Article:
NWX 2023: "AI will change all aspects of our lives"
The impact of AI on the world of work, how companies can score in the battle for talented professionals and improving intergenerational talks topped the agenda of the New Work Experience (NWX 2023) in HafenCity on Wednesday (June 14, 2023). Around 150 speakers from the political sphere, business, HR, science and culture took to 16 stages during the "Work forward" themed event attended by 2,500 delegates and hosted by the Hamburg-based New Work SE.
Plenty remains to be done
During the opening in the Elbphilharmonie's Grand Hall, a show of hands revealed delegates from all over Germany. The lack of skilled labour, intergenerational conflicts and artificial intelligence (AI) are currently among the biggest challenges on the labour market, Petra von Strombeck, CEO of New Work SE, stressed, adding: "We have to seize the opportunities of digitalisation, promote intergenerational talks and focus on skilled labourers' needs to prepare well for the future."
AI triggering change in world of work
During a deep dive hosted by Sascha Lobo, the author and digital expert noted: "AI will change all aspects of our lives." However, it is a question of ensuring that AI serves rather than dominates people. Developing a sense of the coming AI transformation is crucial as the era of AI has already begun, Lobo said. ChatGPT functions similar to human thinking, he pointed out. Workers and employers should be in a "mode of constant learning" instead of falling into a state of rigidity, and urged delegates: "Throw yourselves into all AI-related content." Companies should also prepare for the next big step and add AI divisions to the social media departments set up since 2008,
Economist relying on AI to combat labour shortage
Emphasis turned to AI's potential to solve the shortage of skilled labour during a masterclass by Prof. Dr. Alexander Spermann at New Work SE in HafenCity. People's primal fear that machines could render human beings superfluous is unfounded, he noted. Digitalisation leads to more prosperity and enables people and society to become more efficient. However, this also has an impact on the labour market. Routine jobs in particular could be automated by algorithms and robots.
AI as a productivity booster
However, the job-creating effects will prevail, according to Spermann. Given the lack of skilled labour and demographic change, the "prospects are good for now". New technologies create new professions, e.g. web designers, social media managers and ChatGPT prompters. The use of AI might increase productivity and reduce production costs. A programmer, for instance, can offer software at a lower price because the engineer programmed it more cost-effectively with Chat GPT. "AI is an element of digitalisation and has the potential to make staffing redundant by increasing productivity," predicted Spermann, who is also an advocate of the four-day week. "Jobs will change hugely. Further training and soft skills such as 'being open to new things' are more important than ever," he stressed.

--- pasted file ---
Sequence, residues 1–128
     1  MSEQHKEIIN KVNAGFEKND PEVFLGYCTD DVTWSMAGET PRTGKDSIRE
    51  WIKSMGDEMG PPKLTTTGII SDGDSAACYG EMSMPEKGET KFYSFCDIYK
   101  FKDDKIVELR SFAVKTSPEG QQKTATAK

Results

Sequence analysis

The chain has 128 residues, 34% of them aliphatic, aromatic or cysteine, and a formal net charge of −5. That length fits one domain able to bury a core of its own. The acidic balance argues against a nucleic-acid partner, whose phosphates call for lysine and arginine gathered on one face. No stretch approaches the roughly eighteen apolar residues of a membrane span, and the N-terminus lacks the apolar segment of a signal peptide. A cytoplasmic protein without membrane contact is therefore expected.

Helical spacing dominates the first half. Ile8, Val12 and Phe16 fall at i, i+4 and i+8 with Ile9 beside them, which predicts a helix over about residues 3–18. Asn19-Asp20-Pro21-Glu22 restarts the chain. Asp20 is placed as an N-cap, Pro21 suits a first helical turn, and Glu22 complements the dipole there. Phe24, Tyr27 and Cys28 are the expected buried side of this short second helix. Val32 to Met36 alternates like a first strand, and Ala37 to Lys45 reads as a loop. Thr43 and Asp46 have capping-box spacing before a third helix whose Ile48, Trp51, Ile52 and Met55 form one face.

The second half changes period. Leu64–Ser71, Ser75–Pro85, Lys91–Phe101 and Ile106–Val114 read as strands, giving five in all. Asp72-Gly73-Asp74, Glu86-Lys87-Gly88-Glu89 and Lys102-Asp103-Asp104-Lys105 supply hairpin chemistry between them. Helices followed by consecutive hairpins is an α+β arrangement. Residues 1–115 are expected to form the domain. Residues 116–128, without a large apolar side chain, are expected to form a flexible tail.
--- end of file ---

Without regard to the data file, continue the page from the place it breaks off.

New thinking spaces
Many companies are mulling remote working versus a return to the office. Beiersdorf, a German multi-national based in Hamburg, remains committed to office work and to Hamburg. The company is building the so-called Beiersdorf Campus at a cost of EUR 250 million in west Hamburg, where its success story began more than 140 years ago. Vincent Warnery, CEO, remarked: "It is important for our 'us' culture to work together in the office." That is crucial for employer branding, said Marie Boden, Campus Project Manager: "We have great brands, but we depend on constantly developing the next innovation." This works best with "haptic products with a physical presence". Beiersdorf's employees were involved in planning the new branch in Eimsbüttel, Warnery and Boden emphasised. The first teams have already taken up work in the campus, which will be officially opened in September.
NWX 2023 with job fair for the first time
The Xing Job World was a first at this year's New Work Experience, which is considered the leading event of its kind in the German-speaking world. Organisers also held a reverse recruiting event during which 20 companies "applied" to more than 800 talented professionals in the New Work SE headquarters. Next year's event is expected to offer a wealth of topics and even more new aspects.
New Work SE
Founded as the business network openBC by Lars Hinrichs, the company was renamed Xing in 2006 and New Work SE in 2019 and has been listed on the stock exchange since 2006. New Work SE is headquartered in Hamburg and employs around 2,000 people. Other branches have been set up in Berlin, Vienna and Porto.